Ottawa PC Users' Group, Inc.
Linux - Part 8
by Alan German
is here! Otherwise known as Ubuntu Linux Version 7.10,
the latest distro from Ubuntu is now available, and its
features cause me to revisit a couple of items noted in
earlier parts of this series of exploratory articles.
First up, in Exploring Linux Part 7, I noted that it was fairly
simple to create a dual-boot system for Ubuntu 6.06 and
Microsoft Windows Vista. However, this did require manual
editing of GRUB's menu.lst file in order to add a series
of commands to point to the Vista partition. In the
current Ubuntu release such machinations are no longer
necessary. Gutsy Gibbon is fully aware of Vista's
existence, and the installation process automatically
provides an entry point to access this other
operating system. So, now when you install Ubuntu 7.10,
and boot the machine, GRUB's boot menu includes an option
for Windows Vista/Longhorn (loader).
The second new feature relates back to Exploring
Linux Part 6 where I indicated the commands
needed to mount a Windows partition in order to be able
to use the same data disk for both Linux and Windows'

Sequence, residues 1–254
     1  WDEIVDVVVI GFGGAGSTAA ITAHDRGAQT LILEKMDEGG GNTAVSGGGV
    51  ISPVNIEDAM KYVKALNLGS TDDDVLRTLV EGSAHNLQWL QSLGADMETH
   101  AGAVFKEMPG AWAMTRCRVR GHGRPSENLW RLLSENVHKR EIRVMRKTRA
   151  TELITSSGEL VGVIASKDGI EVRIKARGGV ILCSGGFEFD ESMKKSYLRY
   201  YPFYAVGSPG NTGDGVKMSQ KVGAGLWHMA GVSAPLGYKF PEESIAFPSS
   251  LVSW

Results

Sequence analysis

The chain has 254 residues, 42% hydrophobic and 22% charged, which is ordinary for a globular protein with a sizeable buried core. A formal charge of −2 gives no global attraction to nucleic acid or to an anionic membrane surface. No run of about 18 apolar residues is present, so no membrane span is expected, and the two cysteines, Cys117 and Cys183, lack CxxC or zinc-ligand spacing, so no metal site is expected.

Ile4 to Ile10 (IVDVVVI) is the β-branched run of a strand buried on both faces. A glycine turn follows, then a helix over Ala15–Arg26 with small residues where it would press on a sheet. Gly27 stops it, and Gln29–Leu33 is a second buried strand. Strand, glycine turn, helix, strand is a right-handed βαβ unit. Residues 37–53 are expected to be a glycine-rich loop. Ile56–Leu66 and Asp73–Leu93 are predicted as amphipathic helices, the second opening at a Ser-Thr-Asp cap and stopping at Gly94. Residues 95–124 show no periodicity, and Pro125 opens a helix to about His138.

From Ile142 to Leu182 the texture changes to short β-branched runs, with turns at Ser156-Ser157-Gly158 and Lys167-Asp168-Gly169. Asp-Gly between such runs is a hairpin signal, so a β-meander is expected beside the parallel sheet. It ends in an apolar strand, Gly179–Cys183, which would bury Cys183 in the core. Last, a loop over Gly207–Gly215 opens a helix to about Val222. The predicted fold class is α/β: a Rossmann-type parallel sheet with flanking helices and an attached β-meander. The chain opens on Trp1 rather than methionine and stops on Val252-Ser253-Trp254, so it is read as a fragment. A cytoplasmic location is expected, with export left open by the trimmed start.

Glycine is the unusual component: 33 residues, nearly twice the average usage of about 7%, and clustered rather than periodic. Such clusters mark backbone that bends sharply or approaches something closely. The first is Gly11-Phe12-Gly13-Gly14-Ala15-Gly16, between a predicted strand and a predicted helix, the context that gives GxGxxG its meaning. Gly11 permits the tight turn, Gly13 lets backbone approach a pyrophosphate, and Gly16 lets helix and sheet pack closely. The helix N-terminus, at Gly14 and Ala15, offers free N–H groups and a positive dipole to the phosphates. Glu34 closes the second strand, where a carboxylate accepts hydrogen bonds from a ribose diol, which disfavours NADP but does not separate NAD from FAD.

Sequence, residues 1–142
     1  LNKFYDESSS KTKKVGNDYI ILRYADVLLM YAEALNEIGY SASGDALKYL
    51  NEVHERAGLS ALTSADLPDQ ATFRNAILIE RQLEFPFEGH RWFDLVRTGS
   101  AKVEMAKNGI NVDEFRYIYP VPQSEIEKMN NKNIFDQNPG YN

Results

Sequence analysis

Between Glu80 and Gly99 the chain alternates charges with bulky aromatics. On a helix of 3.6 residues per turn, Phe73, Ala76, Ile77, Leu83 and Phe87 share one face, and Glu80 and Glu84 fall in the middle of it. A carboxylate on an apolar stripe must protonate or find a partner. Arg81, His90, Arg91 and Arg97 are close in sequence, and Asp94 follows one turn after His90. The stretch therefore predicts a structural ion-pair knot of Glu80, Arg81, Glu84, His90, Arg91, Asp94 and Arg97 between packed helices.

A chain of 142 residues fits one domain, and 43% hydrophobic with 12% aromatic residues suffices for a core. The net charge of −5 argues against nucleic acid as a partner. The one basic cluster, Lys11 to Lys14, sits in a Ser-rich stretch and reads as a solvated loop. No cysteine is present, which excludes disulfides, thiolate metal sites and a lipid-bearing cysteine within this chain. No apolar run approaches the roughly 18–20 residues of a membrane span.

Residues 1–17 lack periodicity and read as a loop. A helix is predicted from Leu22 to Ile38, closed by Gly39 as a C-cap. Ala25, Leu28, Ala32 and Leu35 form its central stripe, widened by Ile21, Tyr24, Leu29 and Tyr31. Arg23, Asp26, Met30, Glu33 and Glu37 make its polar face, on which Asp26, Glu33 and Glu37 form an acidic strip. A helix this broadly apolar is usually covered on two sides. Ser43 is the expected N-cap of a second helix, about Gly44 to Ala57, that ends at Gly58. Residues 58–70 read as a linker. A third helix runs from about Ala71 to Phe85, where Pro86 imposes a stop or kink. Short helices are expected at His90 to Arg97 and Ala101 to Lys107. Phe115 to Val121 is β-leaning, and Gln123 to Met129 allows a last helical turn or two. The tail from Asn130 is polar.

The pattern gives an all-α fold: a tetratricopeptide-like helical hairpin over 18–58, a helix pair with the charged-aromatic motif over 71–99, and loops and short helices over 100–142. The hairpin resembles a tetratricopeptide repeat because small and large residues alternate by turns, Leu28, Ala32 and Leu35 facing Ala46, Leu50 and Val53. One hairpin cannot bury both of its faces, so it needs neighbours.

installations. My application at the time was to access a
FAT data partition, and I had no trouble reading files
from the disk, modifying them with Linux programs (e.g.
OpenOffice.org Writer), and writing them back to the
Windows disk. So, it came as a slight shock
when, on my new machine, I used the variant of the mount
command to access an NTFS partition and found that, while
I could read files from the disk, I couldn't modify them,
nor write them out to the disk, since they were opened as
This obviously needed a little research. So, firing up my
trusty web browser, and equally-trusty search engine, I
soon learned that getting Linux to write to NTFS
partitions was fraught with difficulties. Well, it was
until February 21, 2007. That date marked the
first stable release of NTFS-3G, an open-source NTFS
driver for Linux, and a number of other operating
systems. NTFS-3G has a long history of development,
stretching back to 1995, with recent activities resulting
in a completely functional product.
The NTFS-3G driver is part of the Gutsy Gibbon distro and
so, modifying the etc/fstab file to include the line:
/dev/sda3 /mnt/windows_data ntfs-3g
defaults,locale=en_US,utf8 0 1
provides my system with read-write access to my Windows'
data disk when I am booted into Linux.
NTFS-3G Stable Read/Write Driver
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